• Ceremonial Prayer

    prayer meetingSupreme Court Justice Anthony Kennedy claimed that prayer (even explicitly Christian prayer) is not really religious; it is just ceremonial. It is merely a tradition and has no real religious purpose.

    That’s funny, because there seems to be a whole lot of religious people who seem to care an awful lot about a merely ceremonial prayer. If these prayers are not an explicit endorsement of religion, then why does it even matter at all? Why are religious believers so hell bent on putting these prayers before government meetings and why are non-Christians fighting against prayers that don’t really mean anything at all?

    Personally, I’m surprised more fundamentalists aren’t offended by Justice Kennedy’s claim that these prayers are merely “ceremonial.” Isn’t that blasphemy? Keep in mind that fundamentalist Christians were not shy about their outrage even toward Jesus’s wife, Sarah Palin when she equated Baptism with torture. Interestingly enough, she did it for a sound-byte and doesn’t even agree with her own statement. Kennedy does stand behind his view that pray before government meetings aren’t really religious.

    Of course, if prayers before meetings were religious, then Kennedy would have to concede that they violate the Establishment Clause and he would be forced to have ruled against these prayers. But Kennedy is an old fashioned guy who likes tradition. He doesn’t see the harm in it, so he would rather find some way of just keeping the “ceremonial” tradition.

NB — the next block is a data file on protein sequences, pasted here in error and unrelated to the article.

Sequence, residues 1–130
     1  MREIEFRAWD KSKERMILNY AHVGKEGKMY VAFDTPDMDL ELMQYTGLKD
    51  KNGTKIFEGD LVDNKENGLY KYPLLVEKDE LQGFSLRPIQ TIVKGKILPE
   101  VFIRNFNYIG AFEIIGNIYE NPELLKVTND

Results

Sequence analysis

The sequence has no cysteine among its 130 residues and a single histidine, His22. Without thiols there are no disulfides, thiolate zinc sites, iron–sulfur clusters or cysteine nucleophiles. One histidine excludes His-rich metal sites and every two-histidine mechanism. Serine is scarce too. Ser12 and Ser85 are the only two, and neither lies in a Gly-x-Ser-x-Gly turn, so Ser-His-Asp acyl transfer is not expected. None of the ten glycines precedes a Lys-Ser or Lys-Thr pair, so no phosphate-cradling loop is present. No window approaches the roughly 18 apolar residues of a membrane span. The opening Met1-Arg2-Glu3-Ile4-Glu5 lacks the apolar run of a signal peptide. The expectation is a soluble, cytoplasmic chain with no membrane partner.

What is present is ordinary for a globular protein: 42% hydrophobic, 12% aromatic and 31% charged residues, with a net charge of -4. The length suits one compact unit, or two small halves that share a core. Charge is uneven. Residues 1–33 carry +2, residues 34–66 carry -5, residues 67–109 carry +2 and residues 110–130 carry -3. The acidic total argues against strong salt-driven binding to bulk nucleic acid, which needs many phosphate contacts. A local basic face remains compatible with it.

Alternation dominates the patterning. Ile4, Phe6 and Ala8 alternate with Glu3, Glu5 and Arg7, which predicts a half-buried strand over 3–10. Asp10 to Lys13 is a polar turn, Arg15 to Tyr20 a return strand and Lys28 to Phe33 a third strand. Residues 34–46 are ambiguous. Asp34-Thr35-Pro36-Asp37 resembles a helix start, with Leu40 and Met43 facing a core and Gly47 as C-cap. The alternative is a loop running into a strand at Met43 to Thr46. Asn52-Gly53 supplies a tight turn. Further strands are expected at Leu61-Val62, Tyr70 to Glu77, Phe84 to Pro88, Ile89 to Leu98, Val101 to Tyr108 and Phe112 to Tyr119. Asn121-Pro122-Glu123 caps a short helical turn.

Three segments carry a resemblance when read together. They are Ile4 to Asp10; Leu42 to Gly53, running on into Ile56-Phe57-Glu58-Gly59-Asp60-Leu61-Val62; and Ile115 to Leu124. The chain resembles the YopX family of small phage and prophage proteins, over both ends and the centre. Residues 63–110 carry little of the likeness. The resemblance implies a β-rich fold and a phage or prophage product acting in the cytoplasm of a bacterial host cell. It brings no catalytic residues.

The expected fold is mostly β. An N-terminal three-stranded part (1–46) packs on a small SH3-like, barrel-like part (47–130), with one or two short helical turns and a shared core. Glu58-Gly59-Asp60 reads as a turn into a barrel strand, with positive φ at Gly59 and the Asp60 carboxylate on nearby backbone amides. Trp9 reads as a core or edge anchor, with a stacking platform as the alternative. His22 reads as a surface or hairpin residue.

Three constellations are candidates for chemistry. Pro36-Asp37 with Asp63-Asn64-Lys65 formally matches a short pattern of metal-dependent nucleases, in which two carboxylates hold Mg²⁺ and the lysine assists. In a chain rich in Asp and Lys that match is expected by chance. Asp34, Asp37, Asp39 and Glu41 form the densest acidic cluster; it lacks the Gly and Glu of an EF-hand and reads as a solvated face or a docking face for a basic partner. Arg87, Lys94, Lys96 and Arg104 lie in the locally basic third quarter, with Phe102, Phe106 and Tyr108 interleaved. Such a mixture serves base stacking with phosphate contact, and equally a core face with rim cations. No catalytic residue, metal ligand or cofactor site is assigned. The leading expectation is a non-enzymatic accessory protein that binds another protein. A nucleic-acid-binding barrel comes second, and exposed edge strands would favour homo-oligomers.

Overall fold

Unfortunately, there is harm in this type of thing. These types of prayers are a way to exclude people and to make them feel like outsiders to their own government. If I had a grievance that I wanted to take up with this legislative body, this type of prayer would set the tone against me right from the start because I am not a Christian. This type of prayer turns our legislatures into Christian-only churches where other people are allowed, but not really welcome. It is also another huge crack in the Jeffersonian Wall of Church/State Separation.

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    Category: featuredPoliticsReligionsecularismSeparation of Church and State


    Article by: Staks Rosch

    Staks Rosch is a writer for the Skeptic Ink Network & Huffington Post, and is also a freelance writer for Publishers Weekly. Currently he serves as the head of the Philadelphia Coalition of Reason and is a stay-at-home dad.